By admin       2018-05-12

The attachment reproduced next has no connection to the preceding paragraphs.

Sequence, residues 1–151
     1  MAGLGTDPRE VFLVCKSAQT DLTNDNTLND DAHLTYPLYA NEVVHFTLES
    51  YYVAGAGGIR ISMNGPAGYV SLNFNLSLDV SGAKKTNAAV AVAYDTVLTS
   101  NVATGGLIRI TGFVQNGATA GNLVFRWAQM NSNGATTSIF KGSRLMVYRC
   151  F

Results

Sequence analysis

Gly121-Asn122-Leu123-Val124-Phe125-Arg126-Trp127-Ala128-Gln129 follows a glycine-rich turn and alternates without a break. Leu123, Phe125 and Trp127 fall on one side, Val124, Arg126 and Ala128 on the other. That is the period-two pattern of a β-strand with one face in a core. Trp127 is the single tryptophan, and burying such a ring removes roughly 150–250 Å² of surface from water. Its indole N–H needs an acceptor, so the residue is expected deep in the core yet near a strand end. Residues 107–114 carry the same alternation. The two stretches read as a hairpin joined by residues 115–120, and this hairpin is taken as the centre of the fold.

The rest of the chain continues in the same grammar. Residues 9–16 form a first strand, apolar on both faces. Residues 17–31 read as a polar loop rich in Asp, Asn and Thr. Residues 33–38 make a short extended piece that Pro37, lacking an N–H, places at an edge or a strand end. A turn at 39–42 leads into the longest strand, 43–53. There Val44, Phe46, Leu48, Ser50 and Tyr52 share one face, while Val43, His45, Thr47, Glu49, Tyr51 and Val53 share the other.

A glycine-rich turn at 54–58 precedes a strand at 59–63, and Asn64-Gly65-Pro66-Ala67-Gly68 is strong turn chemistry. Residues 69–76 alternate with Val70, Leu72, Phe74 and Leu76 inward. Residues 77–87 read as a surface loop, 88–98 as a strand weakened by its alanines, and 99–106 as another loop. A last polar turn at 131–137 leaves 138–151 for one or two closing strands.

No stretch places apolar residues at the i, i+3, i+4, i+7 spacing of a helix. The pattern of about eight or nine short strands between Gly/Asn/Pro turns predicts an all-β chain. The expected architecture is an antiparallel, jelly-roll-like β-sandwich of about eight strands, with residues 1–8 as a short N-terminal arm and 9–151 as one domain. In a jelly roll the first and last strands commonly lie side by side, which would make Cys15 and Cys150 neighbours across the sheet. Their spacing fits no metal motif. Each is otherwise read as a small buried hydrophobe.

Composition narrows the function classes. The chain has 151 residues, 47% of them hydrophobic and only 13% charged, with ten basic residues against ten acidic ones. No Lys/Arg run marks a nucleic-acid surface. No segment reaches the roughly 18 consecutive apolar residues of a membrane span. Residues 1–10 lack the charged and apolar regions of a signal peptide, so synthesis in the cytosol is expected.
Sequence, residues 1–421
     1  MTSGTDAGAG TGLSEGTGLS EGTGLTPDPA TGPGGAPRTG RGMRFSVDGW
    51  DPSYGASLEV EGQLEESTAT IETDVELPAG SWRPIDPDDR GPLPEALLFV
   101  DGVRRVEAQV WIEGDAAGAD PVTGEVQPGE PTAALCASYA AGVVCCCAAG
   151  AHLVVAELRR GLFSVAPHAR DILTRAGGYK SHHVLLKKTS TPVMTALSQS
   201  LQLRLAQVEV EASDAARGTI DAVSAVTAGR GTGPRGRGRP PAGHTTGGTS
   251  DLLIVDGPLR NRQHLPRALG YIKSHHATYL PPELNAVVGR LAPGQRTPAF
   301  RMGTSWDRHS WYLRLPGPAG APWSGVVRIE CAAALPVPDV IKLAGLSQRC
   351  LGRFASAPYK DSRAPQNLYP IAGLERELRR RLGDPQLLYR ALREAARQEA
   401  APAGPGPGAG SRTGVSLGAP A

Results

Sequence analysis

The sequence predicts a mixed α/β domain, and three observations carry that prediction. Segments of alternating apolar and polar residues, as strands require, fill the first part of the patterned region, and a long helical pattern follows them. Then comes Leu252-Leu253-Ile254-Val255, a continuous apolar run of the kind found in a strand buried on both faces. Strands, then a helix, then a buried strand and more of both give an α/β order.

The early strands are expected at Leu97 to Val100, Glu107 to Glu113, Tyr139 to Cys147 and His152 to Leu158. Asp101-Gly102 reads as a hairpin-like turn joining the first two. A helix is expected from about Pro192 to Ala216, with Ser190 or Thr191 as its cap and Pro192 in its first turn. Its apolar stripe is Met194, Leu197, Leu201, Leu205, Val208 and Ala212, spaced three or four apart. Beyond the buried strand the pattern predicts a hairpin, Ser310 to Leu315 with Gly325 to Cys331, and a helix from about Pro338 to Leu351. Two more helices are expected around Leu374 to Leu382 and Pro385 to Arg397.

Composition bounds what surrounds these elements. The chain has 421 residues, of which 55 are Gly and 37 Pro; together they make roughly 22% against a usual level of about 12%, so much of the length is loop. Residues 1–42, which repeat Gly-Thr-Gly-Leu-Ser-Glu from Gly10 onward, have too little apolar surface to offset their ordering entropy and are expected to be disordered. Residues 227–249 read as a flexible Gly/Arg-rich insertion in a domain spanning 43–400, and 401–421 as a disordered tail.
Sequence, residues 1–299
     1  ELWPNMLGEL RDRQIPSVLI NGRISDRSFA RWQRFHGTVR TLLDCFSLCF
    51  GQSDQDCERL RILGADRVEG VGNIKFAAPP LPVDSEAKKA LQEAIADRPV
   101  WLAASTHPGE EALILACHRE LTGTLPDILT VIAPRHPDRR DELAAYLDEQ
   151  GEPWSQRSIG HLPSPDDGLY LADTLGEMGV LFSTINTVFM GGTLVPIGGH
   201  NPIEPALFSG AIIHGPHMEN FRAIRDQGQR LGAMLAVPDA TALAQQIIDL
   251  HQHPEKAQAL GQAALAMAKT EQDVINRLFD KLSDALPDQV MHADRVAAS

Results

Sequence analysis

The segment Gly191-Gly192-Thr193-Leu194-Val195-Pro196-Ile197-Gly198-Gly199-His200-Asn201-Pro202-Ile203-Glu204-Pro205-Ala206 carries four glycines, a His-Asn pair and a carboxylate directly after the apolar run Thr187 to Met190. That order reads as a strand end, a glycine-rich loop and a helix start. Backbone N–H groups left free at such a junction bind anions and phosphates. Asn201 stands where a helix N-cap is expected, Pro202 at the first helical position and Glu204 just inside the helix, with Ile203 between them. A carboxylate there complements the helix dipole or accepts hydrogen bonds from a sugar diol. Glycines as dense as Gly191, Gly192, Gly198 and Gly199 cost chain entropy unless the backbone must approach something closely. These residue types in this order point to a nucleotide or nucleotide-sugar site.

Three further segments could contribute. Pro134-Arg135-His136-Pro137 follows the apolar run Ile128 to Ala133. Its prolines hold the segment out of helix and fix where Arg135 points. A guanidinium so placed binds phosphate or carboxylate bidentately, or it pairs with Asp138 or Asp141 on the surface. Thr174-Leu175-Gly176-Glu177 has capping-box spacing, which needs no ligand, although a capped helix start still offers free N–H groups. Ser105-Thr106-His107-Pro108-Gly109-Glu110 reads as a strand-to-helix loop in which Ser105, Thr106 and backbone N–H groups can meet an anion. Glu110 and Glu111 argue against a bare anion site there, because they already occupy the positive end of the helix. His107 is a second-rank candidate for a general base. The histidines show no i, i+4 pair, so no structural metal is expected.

C&A Foundation has joined forces with the Government of Madhya Pradesh in calling for collaboration to build a more robust and resilient organic cotton sector in the Indian state. The two jointly hosted the 'Cotton Trailblazers' event in Bhopal to highlight Madhya Pradesh's strength in organic cotton production and the role of organic cotton cultivation in improving the livelihood of its farmers. It was attended by government representatives including policy-makers and members from academia, stakeholders from across the organic cotton supply chain including representatives of international brands and retailers, as well as a large number of organic cotton farmers. While applauding the initiatives of the Government of Madhya Pradesh in creating a favourable policy environment for organic cotton cultivation in the state, the speakers also highlighted the challenges the sector is facing. And they called on stakeholders to work collaboratively towards building a more prosperous value chain for organic cotton that benefits everyone from farm to store – farmers, manufacturers, brands, research institutes, and civil society. "Madhya Pradesh is the leader in India's organic farm output and a global leader in the production of organic cotton," said Anita Chester, head of sustainable raw materials at C&A Foundation. "This needs to be celebrated. We also need to make note of the many challenges that present themselves in the sector so there is much still to be done." According to the Government of Madhya Pradesh, 2 lakh (200,000) hectares of land in the central Indian state is organically cultivated, of which 30,000 hectares is organic cotton. Shri Gaurishankar Bisen, minister for farmer welfare and agriculture development, says the Government is committed to promoting organic cotton and has set in place institutional mechanisms for its advancement. "Through this international summit, we want to encourage farmers to adopt organic cotton farming and hope to organise many more events like this in the future, to create awareness and build enthusiasm amongst farmers for organic farming. We look forward to implement the best practices and learnings we have taken from the various discussions here and will share it with the farmer communities at large.'' He added that while Madhya Pradesh leads the organic cotton sector in India, there is a need to do more for the entire cotton sector. "We have been able to achieve this status because of availability of manure from cattle farming, reduced use of chemical fertilisers and using organic farming techniques at all stages.'' The aim is to increase organic cotton farming from 30,000 to 75,000 hectares in the next three years. The Government has sanctioned around 100 organic cotton clusters under the Paramparagat Krishi Vikas Yojana (PKVY) farming programme. The state has also established a pesticides residue testing centre to improve quality of exports and is establishing India's first Centre of Excellence for organic research in Mandla and organic cotton research in Khandwa. "We strongly believe these steps would be key enablers in overcoming the barriers to organic cotton cultivation, addressing agricultural concerns for farmers in a sustainable manner," added Dr Rajesh Rajora, honourable principal secretary, department of farmer welfare and agriculture development. Despite the fact that organic cotton farming is beneficial for the environment and helps farmers in reducing cultivation costs by adoption of natural (non-chemical) inputs in cultivation, organic cotton production remains less than 1% of global cotton production. The Government of Madhya Pradesh and C&A Foundation say they are seeking to change this scenario.

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